After a phone call between the pair, Mr Michel claimed the President-elect had shown “clear support” for the bloc in the row over Downing Street’s Internal Market Bill. Brussels is furious at Boris Johnson’s plans to ignore sections of last year’s Withdrawal Agreement relating to Northern Ireland. But the Prime Minister has been adamant that the legislation is designed to protect food supplies to the province if negotiations break down between the EU and UK.
In a statement, the EU said: “President Michel also thanked the President-elect for his clear support regarding the implementation of the Withdrawal Agreement the EU concluded with the UK last year.
“This agreement preserves peace and stability in Ireland and fully respects the Good Friday Agreement.”
During his successful campaign for the White House, Mr Biden slammed No10’s Brexit Bill.
He said failure to fully implement the Withdrawal Agreement would hinder any future trade negotiations between the UK and US.
The President-elect has been a vocal member of the Irish caucus in the Congress and openly speaks of his Irish roots.
Mr Biden has previously said he does not want the Good Friday Agreement to become a “casualty of Brexit” and that “any trade deal between the US and UK must be contingent upon respect for the agreement and preventing the return of a hard border”.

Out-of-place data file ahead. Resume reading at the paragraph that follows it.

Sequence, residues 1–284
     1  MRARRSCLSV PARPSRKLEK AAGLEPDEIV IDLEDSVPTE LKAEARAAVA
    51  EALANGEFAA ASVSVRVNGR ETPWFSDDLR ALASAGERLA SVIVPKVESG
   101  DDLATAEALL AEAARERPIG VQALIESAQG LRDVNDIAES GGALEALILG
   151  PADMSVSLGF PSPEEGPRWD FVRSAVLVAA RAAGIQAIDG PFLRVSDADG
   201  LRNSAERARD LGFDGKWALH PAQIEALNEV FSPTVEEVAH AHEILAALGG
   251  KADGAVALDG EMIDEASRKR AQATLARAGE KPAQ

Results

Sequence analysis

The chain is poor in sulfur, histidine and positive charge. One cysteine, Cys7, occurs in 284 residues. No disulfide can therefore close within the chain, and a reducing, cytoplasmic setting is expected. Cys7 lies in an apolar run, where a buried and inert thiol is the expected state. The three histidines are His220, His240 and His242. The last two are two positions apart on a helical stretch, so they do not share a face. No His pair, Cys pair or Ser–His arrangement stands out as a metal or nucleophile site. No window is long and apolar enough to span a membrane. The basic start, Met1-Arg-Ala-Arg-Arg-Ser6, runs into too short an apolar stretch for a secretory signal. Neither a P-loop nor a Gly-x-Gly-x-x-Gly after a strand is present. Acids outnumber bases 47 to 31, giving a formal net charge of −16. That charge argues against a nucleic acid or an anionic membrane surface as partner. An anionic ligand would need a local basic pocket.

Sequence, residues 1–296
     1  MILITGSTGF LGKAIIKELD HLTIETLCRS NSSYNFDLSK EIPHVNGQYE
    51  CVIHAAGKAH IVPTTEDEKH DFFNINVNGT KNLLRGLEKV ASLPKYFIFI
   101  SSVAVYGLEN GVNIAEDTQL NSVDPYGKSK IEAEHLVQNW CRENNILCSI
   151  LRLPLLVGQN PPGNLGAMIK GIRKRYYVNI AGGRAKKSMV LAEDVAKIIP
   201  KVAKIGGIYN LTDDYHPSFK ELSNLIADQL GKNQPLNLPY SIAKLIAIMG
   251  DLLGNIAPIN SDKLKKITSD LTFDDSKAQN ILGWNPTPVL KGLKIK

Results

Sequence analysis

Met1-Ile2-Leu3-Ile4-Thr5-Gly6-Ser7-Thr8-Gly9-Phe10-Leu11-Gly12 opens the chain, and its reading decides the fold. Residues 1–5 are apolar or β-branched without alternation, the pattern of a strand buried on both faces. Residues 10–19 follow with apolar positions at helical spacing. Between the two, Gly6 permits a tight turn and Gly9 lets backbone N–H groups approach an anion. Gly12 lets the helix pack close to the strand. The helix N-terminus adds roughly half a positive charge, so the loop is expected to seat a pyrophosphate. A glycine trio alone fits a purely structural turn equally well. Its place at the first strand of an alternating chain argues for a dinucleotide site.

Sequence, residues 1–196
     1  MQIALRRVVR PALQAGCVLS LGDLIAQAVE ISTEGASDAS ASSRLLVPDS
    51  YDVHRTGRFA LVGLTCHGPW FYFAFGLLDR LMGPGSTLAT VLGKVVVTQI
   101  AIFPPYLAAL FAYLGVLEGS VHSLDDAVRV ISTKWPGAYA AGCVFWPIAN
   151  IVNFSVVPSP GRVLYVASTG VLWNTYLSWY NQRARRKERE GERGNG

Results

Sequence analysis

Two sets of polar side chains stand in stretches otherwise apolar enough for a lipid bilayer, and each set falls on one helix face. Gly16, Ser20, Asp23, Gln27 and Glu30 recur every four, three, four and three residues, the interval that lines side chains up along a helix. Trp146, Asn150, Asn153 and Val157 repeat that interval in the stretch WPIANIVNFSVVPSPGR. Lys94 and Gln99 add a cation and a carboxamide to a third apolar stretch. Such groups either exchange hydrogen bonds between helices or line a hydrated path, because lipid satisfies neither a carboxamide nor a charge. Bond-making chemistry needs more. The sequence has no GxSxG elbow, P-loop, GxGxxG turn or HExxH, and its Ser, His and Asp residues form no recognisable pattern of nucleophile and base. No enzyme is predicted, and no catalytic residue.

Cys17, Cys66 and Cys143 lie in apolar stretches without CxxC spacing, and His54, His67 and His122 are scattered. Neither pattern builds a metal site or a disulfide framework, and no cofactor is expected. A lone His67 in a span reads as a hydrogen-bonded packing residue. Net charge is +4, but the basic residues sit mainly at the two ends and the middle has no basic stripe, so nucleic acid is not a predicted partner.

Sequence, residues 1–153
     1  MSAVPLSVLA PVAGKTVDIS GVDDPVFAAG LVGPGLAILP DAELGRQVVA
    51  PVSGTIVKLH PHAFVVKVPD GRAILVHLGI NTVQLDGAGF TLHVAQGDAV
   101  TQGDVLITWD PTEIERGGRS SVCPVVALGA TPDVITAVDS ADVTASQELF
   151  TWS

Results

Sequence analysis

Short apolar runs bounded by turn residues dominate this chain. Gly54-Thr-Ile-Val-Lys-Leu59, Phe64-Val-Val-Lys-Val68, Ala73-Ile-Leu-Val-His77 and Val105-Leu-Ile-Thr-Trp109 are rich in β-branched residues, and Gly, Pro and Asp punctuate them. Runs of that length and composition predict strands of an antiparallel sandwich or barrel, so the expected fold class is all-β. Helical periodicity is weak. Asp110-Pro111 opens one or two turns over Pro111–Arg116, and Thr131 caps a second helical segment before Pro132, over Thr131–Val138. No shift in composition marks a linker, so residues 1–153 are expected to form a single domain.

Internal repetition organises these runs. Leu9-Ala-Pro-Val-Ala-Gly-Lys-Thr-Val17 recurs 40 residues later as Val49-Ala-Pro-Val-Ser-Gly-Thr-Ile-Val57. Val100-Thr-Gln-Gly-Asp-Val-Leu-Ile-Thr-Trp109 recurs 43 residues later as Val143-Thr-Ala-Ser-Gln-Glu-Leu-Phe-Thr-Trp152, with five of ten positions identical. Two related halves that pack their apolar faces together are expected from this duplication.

Dublin has sought to use its influence in Washington to pressure Britain into dropping the controversial clauses in the Internal Market Bill.
But Downing Street has been insistent it won’t scrap the legislation despite the criticism.
The EU and UK continue to hold discussions on the implementation of the Northern Irish Protocol in the Brexit Joint Committee.
Cabinet Office Minister Michael Gove is expected to meet his EU counterpart Maros Sefcovic later this month for the next round of wrangling.
Meanwhile, the Brexit trade talks are still ongoing with Mr Johnson expected to personally intervene to get a deal across the line in the coming days.
Downing Street said there are still issues that need to be resolved as talks resumed today.
Fishing rights and state subsidies are the key outstanding issues holding up progress.
A No 10 spokesman said the UK has been very clear that it will become an independent coastal nation.
“We will take back control of access to our waters,” he added.
Brussels sources expect a last-minute trade-off on the so-called level-playing field and reduced access to Britain’s coastal waters to help get a deal across the line.
EU Parliament Brexit representative Christophe Hansen said the bloc would have to be prepared to meet Boris Johnson’s fisheries demands in order to clinch an agreement.
The Luxembourgish MEP said: “There will be compromises to be made on fisheries. The status quo, that is somewhere we’re not going to land.”